Making A Positive Difference?

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Intention to change is not change.

Change Is Not Change... Until It Is Change.

Survival has always depended on change.


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What we do affects others.

Making a positive difference starts with

people helping people. ? 


 When we do the right thing...

everyone benefits.

JFK: Make a Difference Art  Print
If enough individuals
do what they can
where they are,
those single efforts can add up,
and make a positive difference.
 newsflash.gif - (6K) once observed that most people lead

lives of quiet desperation

and go to the grave with the song

still in them. 


We've come head on with this

quiet desperation.

What difference do we make?


"Life's most persistent and urgent question is:

What are we doing for others?"

~ Dr. Martin Luther King, Jr.


"Difference Makers" are those who believe

they have a strong drive and conviction

about making a  positive difference in the world.

They know they are on this earth to lead, encourage or

inspire positive change. They put considerable energy,

effort, and time into actualizing the difference they pursue.

They live for the course they are effecting.


Think About It...

Information to ponder.


There are some ways that ego can get in the way of

our ability to accomplish those things which could

make a positively good difference.


   1.) It is easy to get on an "Ego trip" and believe too much in our self

importance. This can take various forms. It's easy to make others "wrong" if

they don't share our passion. It's a short step from there to believing that any

who do not agree with us, or even worse, actively oppose our ideas are evil".

From these positions, it becomes impossible to bring others into alignment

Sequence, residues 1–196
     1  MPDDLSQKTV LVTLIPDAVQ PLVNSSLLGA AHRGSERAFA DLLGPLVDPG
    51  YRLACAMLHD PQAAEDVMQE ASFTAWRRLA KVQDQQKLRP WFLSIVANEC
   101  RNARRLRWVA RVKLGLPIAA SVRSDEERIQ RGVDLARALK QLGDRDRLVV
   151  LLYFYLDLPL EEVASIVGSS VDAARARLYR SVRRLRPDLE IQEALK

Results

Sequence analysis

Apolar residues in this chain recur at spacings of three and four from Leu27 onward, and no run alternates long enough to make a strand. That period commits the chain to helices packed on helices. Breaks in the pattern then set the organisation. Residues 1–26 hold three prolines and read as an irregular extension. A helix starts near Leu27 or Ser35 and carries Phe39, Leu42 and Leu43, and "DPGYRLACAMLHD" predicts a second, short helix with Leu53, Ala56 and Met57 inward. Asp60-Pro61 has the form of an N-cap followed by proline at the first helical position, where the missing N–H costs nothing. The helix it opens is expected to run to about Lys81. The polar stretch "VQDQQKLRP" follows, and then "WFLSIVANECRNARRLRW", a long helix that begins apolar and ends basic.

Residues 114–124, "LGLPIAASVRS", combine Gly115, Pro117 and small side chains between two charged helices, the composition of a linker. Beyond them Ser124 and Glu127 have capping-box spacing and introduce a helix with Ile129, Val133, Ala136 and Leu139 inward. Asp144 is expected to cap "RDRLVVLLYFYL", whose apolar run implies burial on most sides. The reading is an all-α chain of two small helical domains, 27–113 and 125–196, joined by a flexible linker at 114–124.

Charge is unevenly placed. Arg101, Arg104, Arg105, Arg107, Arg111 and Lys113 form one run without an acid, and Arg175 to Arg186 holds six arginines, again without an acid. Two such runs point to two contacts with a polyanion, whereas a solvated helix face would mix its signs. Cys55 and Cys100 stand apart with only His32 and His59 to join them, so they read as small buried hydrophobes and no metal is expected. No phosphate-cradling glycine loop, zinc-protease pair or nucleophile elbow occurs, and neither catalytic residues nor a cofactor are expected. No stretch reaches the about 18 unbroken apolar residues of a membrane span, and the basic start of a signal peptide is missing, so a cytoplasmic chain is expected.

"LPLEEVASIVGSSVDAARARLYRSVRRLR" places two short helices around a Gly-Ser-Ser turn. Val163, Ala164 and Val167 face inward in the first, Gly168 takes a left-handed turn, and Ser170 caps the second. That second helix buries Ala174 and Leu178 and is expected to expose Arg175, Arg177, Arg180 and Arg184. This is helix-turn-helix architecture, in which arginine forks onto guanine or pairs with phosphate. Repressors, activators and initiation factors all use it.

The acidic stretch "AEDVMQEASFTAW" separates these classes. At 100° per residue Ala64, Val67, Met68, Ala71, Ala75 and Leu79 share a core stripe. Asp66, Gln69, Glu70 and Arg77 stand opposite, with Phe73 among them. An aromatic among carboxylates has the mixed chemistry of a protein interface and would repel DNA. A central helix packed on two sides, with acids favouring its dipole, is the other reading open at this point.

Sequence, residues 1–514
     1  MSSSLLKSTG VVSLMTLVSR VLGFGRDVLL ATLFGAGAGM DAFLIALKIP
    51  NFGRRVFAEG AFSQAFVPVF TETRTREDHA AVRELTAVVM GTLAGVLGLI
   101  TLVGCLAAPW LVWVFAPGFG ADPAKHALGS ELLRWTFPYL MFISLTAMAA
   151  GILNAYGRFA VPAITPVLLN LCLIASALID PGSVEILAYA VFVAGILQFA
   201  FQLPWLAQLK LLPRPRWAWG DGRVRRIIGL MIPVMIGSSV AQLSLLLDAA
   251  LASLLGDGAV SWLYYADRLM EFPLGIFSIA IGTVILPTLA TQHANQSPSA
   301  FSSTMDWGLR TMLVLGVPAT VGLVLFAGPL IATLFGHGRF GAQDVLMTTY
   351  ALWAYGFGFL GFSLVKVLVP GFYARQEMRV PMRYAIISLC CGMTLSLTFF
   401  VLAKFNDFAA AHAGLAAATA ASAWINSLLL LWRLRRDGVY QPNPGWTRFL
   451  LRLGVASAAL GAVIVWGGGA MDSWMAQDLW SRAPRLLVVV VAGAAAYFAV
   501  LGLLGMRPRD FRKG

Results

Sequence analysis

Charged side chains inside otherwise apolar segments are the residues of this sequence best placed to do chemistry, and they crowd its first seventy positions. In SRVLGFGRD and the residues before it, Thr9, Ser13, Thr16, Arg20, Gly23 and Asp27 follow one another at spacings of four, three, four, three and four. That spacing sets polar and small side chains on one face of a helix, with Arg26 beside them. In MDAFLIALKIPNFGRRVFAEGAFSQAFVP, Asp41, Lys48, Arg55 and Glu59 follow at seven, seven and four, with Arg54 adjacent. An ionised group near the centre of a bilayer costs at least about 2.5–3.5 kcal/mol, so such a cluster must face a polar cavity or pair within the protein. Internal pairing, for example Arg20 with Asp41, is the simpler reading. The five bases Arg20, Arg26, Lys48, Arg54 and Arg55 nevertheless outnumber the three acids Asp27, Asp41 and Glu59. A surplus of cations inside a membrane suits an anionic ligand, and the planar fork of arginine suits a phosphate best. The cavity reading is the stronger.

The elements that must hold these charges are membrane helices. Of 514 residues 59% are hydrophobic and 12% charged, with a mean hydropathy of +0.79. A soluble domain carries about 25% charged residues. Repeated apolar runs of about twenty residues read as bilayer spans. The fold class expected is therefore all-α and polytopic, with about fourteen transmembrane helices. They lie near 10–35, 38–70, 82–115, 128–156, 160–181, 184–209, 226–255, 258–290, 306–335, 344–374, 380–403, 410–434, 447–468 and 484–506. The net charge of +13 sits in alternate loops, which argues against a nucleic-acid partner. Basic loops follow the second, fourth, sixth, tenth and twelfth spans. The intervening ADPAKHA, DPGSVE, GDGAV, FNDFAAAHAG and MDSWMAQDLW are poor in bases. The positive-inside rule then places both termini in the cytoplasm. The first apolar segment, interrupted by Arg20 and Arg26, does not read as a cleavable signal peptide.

with our objectives. Force becomes our only methodology and that is a

fool's game.


2.) Another form of ego comes disguised as "playing small" or

believing we don't have what it takes.See  full size image

This is not so obviously ego until you examine it

more closely. If you believe you have a particular

purpose, pretending you don't have the ability to

accomplish it at least suggests a bit of laziness about gaining needed skills,

developing confidence and doing what it takes to be assured of having the

needed abilities.

Isn't there a bit of ego involved if we don't take the needed actions to

ensure success of the mission? Isn't it egotistical not to do what is

required to fulfill the purpose?


3.) Sometimes ego comes disguised as "Lone wolf" mentality. We

believe no one can help us. Only we know how and are able to "Do it


We discount any contributions from others. We refuse and reject help.

We ignore suggestions. We always believe that we are the only ones

who know anything. We discourage input from others.


Our behaviors, communications

and reactions all clearly inform

others that their ideas and opinions

are unwelcome and are rejected.

On top of this, we will frequently

play "Victim" of having to do it all

and play long suffering games

about everything falling on our